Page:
2. ^ a b Peed, Dorothy Myers (1966). America is People and Ideas. Berlin: Exposition Press.
  3. ^ a b c d e Smith, Lindsay (March 15, 2015). "Antonia Maury". Project Continua (1 ed.). Retrieved July 8, 2020.
  4. ^ Creese, M. R. (2007). "The role of women in the history of geology". In C. V. Burek; B. Higgs (eds.). Fossil Hunters, a Cave Explorer and a Rock Analyst; Notes On Some Early Women Contributors to Geology. Vol. 281. London, UK: Geological Society of London. pp. 39–49. doi:10.1144/SP281.3. S2CID 129781586. {{cite book}}: |journal= ignored (help)
  5. ^ a b c d Merrill Fabry (March 21, 2016). "The 'Renegade' Woman Who Sorted the Stars". Time. Retrieved November 15, 2018.
  6. ^ Mamajek, Eric E.; Kenworthy, Matthew A.; Hinz, Philip M.; Meyer, Michael R. (2010). "Discovery of a Faint Companion to Alcor Using MMT/AO 5 μm Imaging". The Astronomical Journal. 139 (3): 919–925. arXiv:0911.5028. Bibcode:2010AJ....139..919M. doi:10.1088/0004-6256/139/3/919. S2CID 51834159.
  7. ^ Jones, Bessie Zaban; Boyd, Lyle Gifford (1971). The Harvard College Observatory: The First Four Directorships, 1839-1919. Harvard University Press. p. 244. ISBN 9780674374607.
  8. ^ Pickering, E. C. (1890). "On the spectrum of zeta Ursae Majoris". The Observatory. 13: 80–81. Bibcode:1890Obs....13...80P.
  9. ^ a b Lorenzano, Pablo; Rheinberger, Hans-Jörg; Ortiz, Eduardo; Galles, Carlos Delfino (September 27, 2010). History and Philosophy of Science and Technology. Vol. II. EOLSS Publications. p. 204. ISBN 9781848263246.
  10. ^ Nesterov, V. V.; Kuzmin, A. V.; Ashimbaeva, N. T.; Volchkov, A. A.; Röser, S.; Bastian, U. (1995). "The Henry Draper Extension Charts: A catalogue of accurate positions, proper motions, magnitudes and spectral types of 86933 stars". Astronomy and Astrophysics Supplement Series. 110: 367. Bibcode:1995A&AS..110..367N. CDS ID III/182.
  11. ^ Cannon, Annie. J. (1936). "The Henry Draper extension". Annals of Harvard College Observatory. 100: 1. Bibcode:1936AnHar.100....1C.
  12. ^ a b c d e "Antonia Maury". Retrieved January 29, 2019.
  13. ^ Maury, Antonia (1897). "Spectra of Bright Stars Photographed with the 11-inch Draper Telescope as part of the Henry Draper Memorial". Annals of the Astronomical Observatory of Harvard College. Cambridge, MA. 28: 1–128. Bibcode:1897AnHar..28....1M. Retrieved January 12, 2013.
  14. ^ Dick, Steven J. (September 9, 2013). Discovery and Classification in Astronomy: Controversy and Consensus. Cambridge University Press. p. 96. ISBN 9781107033610. Retrieved July 9, 2020.
  15. ^ Gingerich, Owen (2013). "The Critical Importance of Russell's Diagram". Origins of the Expanding Universe: 1912-1932. Proceedings of a conference held 13-15 September, 2012, at Flagstaff, Arizona, USA. ASP Conference Proceedings. Vol. 471. San Francisco: Astronomical Society of the Pacific. p. 205. arXiv:1302.0862. Bibcode:2013ASPC..471..205G. {{cite book}}: |journal= ignored (help)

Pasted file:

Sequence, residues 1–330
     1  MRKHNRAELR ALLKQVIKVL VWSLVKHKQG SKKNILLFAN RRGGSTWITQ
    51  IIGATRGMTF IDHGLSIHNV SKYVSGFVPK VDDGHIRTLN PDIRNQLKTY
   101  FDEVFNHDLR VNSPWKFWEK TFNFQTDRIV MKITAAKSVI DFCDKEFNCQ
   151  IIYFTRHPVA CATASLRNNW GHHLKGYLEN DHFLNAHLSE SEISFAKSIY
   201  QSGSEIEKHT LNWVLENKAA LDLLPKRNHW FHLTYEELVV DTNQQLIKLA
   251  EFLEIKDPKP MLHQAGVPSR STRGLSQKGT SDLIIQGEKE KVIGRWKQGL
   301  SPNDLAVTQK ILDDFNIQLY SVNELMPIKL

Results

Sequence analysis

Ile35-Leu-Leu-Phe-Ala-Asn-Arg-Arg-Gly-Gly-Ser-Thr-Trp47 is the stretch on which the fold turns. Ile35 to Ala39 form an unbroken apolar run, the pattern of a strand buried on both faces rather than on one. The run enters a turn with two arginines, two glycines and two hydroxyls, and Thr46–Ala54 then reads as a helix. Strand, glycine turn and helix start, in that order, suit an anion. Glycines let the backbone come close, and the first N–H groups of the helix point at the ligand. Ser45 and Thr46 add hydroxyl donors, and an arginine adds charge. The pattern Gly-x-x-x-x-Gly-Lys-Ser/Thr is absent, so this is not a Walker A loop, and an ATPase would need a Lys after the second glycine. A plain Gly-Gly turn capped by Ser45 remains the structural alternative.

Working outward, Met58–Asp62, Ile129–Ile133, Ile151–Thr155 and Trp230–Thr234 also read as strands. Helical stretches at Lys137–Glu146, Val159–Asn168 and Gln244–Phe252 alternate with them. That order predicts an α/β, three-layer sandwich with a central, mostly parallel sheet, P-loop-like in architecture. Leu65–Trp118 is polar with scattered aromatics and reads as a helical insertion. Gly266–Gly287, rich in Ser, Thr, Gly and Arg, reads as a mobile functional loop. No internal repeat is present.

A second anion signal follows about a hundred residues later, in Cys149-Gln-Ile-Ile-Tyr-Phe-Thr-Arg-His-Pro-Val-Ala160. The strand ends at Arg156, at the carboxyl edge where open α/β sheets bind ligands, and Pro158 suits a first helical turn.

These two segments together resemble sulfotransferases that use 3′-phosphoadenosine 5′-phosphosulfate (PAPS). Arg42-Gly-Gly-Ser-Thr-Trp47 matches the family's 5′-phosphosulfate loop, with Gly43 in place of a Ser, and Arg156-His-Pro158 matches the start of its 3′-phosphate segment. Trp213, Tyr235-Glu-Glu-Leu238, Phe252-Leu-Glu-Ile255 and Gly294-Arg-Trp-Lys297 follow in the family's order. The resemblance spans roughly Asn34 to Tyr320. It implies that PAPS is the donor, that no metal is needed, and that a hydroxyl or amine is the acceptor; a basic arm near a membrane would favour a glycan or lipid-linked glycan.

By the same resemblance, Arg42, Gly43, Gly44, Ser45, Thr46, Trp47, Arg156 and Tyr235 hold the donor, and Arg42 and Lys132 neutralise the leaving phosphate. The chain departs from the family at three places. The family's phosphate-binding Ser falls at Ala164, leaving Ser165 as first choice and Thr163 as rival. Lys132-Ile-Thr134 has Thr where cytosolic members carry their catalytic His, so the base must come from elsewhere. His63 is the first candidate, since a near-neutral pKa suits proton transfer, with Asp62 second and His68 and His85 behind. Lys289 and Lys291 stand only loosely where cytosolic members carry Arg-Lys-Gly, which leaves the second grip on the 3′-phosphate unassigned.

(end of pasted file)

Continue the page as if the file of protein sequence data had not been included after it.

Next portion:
16. ^ a b Hoffleit, Dorrit (1994). Corbally, C. J.; Gray, R. O. (eds.). "Remniscences on Antonia Maury and the c-Characteristic". The MK Process at 50 Years. A Powerful Tool for Astrophysical Insight Astronomical Society of the Pacific Conference Series, Proceedings of a Workshop of the Vatican Observatory, Held in Tucson Arizona, USA, September 1993, San Francisco: Astronomical Society of the Pacific (ASP). 60: 215. Bibcode:1994ASPC...60..215H.
  17. ^ Smith, Kiona N. (March 22, 2019). "Antonia Maury: A Female Astronomer's Fight For Recognition". Forbes. Retrieved July 7, 2020.
  18. ^ Maury, Antonia C. (1933). "The Spectral Changes of Beta Lyrae". Annals of the Astronomical Observatory of Harvard College. Cambridge, MA. 84 (8): 207–255. Bibcode:1933AnHar..84..207M. Retrieved January 12, 2013.
  19. ^ "Annie J. Cannon Award in Astronomy". American Astronomical Society. Archived from the original on January 29, 2013. Retrieved January 12, 2013.
  20. ^ Lomb, Nick (September 21, 2010). "The "Something Old, Something New" crater on the Moon – Crater Maury". Museum of Applied Arts and Sciences. Retrieved July 9, 2020.
  21. ^ Altschuler, Daniel R.; Ballesteros, Fernando J. (July 4, 2019). The Women of the Moon: Tales of Science, Love, Sorrow, and Courage. Oxford University Press. p. 47. ISBN 9780198844419. Retrieved July 8, 2020.
  22. ^ a b Ogilvie, Marilyn Bailey; Harvey, Joy Dorothy (2000). The Biographical Dictionary of Women in Science: L-Z. Taylor & Francis. pp. 856–857. ISBN 9780415920407. Retrieved July 8, 2020.
  23. ^ Grijseels, Dori (March 22, 2020). "Meet Antonia Maury, astronomy's renegade who changed the way we classify stars". Massive Science. Retrieved July 8, 2020.
  24. ^ Cavendish, Dean Miller (January 1, 2014). Astronomers and Cosmologists. Square Publishing, LLC. pp. 127–129. ISBN 9781627125499. Retrieved July 8, 2020.

Further reading[edit]